There is an increasing consumption of energy drinks both in the United States and worldwide. The components of these beverages are sometimes unclear but commonly include caffeine, sugars, taurine, and B-vitamins. Young people, particularly those engaged in sports, studying, and in the military are especially likely to be consumers of energy drinks. While limited data are available regarding their autonomic and hemodynamic effects, current literature suggests that energy drink consumption is accompanied by increases in blood pressure, sympathetic drive, and also in QT prolongation. There are no systematic long term studies identifying consequences of frequent energy drink consumption. However, multiple anecdotal reports implicate energy drinks in adverse cardiovascular events including atrial fibrillation, ventricular arrhythmia, myocardial infarction, and sudden death. Events such as atrial fibrillation may even occur in otherwise healthy subjects with structurally normal hearts. It is likely that these cardiovascular outcomes are triggered by the hemodynamic, autonomic, and electrocardiographic responses to energy drink consumption. What remains unclear is how concomitant use of other stimulants such as amphetamines and nicotine may interact to potentiate neural and circulatory responses and cardiovascular consequences when combined with energy drinks.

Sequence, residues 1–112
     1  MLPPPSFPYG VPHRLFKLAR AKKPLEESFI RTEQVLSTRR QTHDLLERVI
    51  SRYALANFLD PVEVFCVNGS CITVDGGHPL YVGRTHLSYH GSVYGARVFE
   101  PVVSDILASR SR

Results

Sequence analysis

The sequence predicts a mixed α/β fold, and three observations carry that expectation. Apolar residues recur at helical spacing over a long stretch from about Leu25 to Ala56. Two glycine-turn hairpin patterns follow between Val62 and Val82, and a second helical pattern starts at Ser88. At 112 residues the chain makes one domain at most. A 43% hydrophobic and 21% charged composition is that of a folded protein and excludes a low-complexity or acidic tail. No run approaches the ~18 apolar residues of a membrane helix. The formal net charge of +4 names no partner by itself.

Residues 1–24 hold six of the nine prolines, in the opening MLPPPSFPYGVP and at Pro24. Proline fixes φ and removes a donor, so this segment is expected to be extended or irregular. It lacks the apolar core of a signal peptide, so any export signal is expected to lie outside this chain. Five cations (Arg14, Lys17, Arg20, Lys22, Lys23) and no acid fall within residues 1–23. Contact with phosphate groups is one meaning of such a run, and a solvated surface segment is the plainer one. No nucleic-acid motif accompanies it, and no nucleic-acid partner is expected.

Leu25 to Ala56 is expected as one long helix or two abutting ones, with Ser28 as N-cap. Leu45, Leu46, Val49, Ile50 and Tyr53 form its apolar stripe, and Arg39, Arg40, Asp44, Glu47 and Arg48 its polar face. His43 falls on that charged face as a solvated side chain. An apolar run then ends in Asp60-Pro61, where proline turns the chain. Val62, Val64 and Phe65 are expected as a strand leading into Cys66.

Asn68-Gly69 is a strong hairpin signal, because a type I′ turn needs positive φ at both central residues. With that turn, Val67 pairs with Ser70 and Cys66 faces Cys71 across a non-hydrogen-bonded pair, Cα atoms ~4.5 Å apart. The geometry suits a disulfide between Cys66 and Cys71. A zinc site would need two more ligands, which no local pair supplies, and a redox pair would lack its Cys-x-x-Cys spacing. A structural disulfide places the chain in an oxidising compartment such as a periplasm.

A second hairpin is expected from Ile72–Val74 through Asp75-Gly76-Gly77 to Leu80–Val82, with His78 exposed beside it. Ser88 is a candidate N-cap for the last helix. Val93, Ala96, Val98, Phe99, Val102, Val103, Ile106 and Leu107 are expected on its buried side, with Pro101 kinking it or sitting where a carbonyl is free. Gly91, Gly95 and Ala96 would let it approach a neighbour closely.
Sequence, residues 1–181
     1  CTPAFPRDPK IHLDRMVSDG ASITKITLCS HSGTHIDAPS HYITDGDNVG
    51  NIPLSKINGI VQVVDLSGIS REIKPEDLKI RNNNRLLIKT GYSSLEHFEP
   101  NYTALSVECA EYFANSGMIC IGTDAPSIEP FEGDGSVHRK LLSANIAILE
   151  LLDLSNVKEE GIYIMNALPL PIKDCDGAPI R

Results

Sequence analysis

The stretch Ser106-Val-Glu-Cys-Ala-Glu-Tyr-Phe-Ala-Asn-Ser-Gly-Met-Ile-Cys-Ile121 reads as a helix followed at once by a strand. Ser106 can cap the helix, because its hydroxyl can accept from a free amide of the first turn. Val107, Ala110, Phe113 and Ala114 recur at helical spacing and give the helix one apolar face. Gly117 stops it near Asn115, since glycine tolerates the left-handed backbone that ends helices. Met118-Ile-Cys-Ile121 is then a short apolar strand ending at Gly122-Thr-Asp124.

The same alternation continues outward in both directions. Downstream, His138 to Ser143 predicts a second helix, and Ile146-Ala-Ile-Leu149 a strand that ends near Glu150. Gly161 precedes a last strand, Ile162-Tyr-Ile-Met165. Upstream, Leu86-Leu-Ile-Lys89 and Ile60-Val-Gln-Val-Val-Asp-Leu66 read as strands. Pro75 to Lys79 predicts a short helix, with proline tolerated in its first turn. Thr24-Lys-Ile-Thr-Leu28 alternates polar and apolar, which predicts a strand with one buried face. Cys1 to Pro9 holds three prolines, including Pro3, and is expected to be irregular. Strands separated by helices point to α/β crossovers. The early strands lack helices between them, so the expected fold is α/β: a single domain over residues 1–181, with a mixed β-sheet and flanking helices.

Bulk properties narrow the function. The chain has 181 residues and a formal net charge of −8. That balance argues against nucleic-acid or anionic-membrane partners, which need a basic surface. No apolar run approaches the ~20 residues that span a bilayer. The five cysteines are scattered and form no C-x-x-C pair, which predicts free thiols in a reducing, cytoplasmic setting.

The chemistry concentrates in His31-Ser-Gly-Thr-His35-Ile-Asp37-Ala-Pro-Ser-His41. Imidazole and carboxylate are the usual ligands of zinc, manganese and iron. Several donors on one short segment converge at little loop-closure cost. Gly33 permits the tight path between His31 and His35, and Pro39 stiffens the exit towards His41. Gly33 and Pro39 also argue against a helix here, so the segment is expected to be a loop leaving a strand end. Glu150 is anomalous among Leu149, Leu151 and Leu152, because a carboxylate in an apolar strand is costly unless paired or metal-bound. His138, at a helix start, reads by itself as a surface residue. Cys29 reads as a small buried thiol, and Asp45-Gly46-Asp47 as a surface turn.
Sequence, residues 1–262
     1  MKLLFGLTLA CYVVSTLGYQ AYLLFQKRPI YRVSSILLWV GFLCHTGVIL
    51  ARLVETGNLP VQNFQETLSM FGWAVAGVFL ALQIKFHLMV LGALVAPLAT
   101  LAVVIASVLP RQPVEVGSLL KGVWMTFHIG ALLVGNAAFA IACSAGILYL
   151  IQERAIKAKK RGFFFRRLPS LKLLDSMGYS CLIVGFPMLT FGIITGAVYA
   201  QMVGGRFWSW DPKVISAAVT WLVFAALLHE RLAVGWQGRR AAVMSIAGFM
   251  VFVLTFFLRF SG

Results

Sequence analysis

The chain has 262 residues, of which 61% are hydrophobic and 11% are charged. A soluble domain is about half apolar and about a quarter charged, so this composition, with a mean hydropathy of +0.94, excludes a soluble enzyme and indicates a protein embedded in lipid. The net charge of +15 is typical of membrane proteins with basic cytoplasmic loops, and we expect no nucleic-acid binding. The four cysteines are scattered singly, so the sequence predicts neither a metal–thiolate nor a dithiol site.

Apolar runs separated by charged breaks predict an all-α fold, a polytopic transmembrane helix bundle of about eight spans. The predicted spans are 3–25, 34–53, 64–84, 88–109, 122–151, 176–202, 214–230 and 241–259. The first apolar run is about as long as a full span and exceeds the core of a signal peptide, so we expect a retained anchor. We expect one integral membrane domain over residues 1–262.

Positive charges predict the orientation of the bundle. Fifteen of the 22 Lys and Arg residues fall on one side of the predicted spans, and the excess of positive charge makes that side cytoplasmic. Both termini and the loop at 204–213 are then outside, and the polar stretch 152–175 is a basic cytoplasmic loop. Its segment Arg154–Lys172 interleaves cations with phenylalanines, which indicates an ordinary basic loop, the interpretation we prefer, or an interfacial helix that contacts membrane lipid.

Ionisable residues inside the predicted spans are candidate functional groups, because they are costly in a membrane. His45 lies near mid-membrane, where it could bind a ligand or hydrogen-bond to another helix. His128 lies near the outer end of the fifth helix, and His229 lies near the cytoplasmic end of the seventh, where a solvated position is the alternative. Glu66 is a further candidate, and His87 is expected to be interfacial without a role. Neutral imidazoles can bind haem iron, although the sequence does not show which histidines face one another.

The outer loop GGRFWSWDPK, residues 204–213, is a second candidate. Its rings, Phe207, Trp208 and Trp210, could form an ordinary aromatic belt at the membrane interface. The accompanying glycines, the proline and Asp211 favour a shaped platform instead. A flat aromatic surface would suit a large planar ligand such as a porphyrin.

This is an open access article distributed under the Creative Commons Attribution License
which permits unrestricted use, distribution, and reproduction in any medium, provided the original work is properly cited